The Dummy's Guide to Nation Building

As written by the Romans.

I know an Irish lawyer who hates the English because they hanged his grandfather years ago.  The English were trying to pacify Ireland and somebody shot a British soldier.  The English knew his grandfather hadn't done it, he says, but they hanged him anyway in hopes that the townspeople would be nice.

What wimps!  The Romans understood nation building, an art we and the British have forgotten.

When the Romans conquered an area and somebody goofed off, they'd march a legion into town and line up everybody according to height.  Then they'd march down the line counting 1, 2, 3,..  When they got to 10, they'd slice that person's belly open, pick up the count with 1 again, and so on down the line.

Killing one in ten is called "decimation."  Modern thinkers confuse "decimation" with "annihilation" which means killing everybody, not just 1 in 10.

But killing 1 in 10 wasn't the end of nation building.  The key came in the commander's speech afterward.  His speech went something like this:

Listen up folks.  You've seen what we do when we're pissed, piss us off again and we'll do it again.  Let me tell you the rules!

Rule #1 - pay your taxes.  There will be taxes paid here -- whether by you or by someone else doesn't matter -- but there will be taxes paid here.

Rule #2 - be Romans.  We won, you lost, you're Romans whether you like it or not.

Rule #3 - do what you like. We don't care about running your town, we care about collecting taxes.  We don't care who the good guys are, we don't care who the bad guys are, we just want you to be Romans.

You know who the bad guys are; we don't.  You have 3 choices:  1) Tell us who the bad guys are, we kill them.  That's not so good because dead men pay no taxes, but it's better than our coming back to town.  2) You kill the bad guys.  That's better, but the best is 3) get your bad guys to be nice.  Nobody dies, we collect taxes, and you guys learn how to be Romans.

I said you were going to be Romans.  If you act up again, we'll be back.  You know what we did this time, the second time, we do the same, we kill one in ten.

But the third time's different.  If we have to come back a third time, we figure you're too stupid to control your bad guys.  People that stupid are too stupid to pay taxes, so we kill you all.  Then we go someplace that has more people than it needs and we march 'em here.  They take your houses, clean up the mess, and they pay taxes.

It's real simple.  There will be taxes paid here; there will be Romans here - if not you, then somebody else.

Don't make us come back.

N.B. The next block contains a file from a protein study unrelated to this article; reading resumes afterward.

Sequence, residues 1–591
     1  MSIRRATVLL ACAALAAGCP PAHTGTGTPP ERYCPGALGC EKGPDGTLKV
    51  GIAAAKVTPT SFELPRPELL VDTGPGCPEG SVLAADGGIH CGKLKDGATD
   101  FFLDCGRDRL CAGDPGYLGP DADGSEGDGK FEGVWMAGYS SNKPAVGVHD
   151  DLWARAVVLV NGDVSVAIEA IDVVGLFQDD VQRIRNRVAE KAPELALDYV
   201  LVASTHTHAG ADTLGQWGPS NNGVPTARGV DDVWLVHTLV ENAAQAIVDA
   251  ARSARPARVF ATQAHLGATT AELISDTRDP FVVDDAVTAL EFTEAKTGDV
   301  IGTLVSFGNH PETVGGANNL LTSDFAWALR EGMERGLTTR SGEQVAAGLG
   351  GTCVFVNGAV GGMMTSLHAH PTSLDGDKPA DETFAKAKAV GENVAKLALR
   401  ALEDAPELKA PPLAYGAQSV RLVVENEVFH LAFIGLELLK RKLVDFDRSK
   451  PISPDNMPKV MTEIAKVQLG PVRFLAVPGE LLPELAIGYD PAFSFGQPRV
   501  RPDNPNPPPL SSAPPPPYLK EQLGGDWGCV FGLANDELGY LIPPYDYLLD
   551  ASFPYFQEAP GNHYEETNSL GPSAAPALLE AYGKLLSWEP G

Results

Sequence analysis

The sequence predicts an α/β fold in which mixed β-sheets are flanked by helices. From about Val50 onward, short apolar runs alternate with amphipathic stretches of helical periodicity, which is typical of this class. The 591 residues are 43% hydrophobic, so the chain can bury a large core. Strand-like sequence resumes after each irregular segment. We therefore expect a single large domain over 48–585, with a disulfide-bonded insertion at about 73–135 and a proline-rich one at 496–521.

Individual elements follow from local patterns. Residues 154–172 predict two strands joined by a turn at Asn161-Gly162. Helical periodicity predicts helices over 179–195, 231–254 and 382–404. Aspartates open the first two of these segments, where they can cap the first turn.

History says that the Roman style of nation building worked very well for a very long time over a wide area encompassing many different cultures, customs, and religions.  A bit brisk, perhaps, but it worked.  Considering total deaths in Afghanistan and Iraq, killing 1 in 10 in a village or two and letting the word spread probably ended up killing fewer people than modern methods of nation building.

Will Offensicht is a staff writer for and an internationally published author by a different name.  Read other articles by Will Offensicht or other articles on Foreign Affairs.
Reader Comments

Oh yeah its very easy to say that they should decimate in Iraq and Afghanistan. After all they are not humans. Not Americans at least, same difference. There is what 50 million Iraqi, that is a mere 5 million people killed. But hey they don't want to build a democracy we forced on them.They brought it on themselves. They have to pay.

But if somebody said that that should be done in America he would be whisked away to Guantanamo and never heard from again.

After all we saw how Americans act after 3000+ are killed I am sure 30 mill would be no biggie.  

August 31, 2007 5:14 AM

The point here, I think, was that America cannot win in Iraq or anywhere else because "real nation building" is no longer possible.  It requires what this writer mentioned, and I agree.  Since we obviously aren't going to decimate them, no point in even being there.  On the other hand, he was referring to taking over a nation and making them be like you and pay you taxes.  We are not expecting Iraqi to be Americans, nor are we planning on collecting taxes from them.

August 31, 2007 9:33 AM

Boy, neither of you get it. It's simple. Punish those who don't comply, and don't give anybody any problems.  Put your personal feelings aside and get to work PAYING OUR TAXES AND WE WON"T WIPE YOU SORRY LOT OFF THE FACE OF THE EARTH. Iraq and Afghanistan deserve it, the bunch of goat herders.

August 31, 2007 11:10 AM

As far as I see it, now the only justification for war is that Saddam  was bad. If you do what Mars proposes how are you better. Heck it seems almost better if he was not touched from power doesn't it.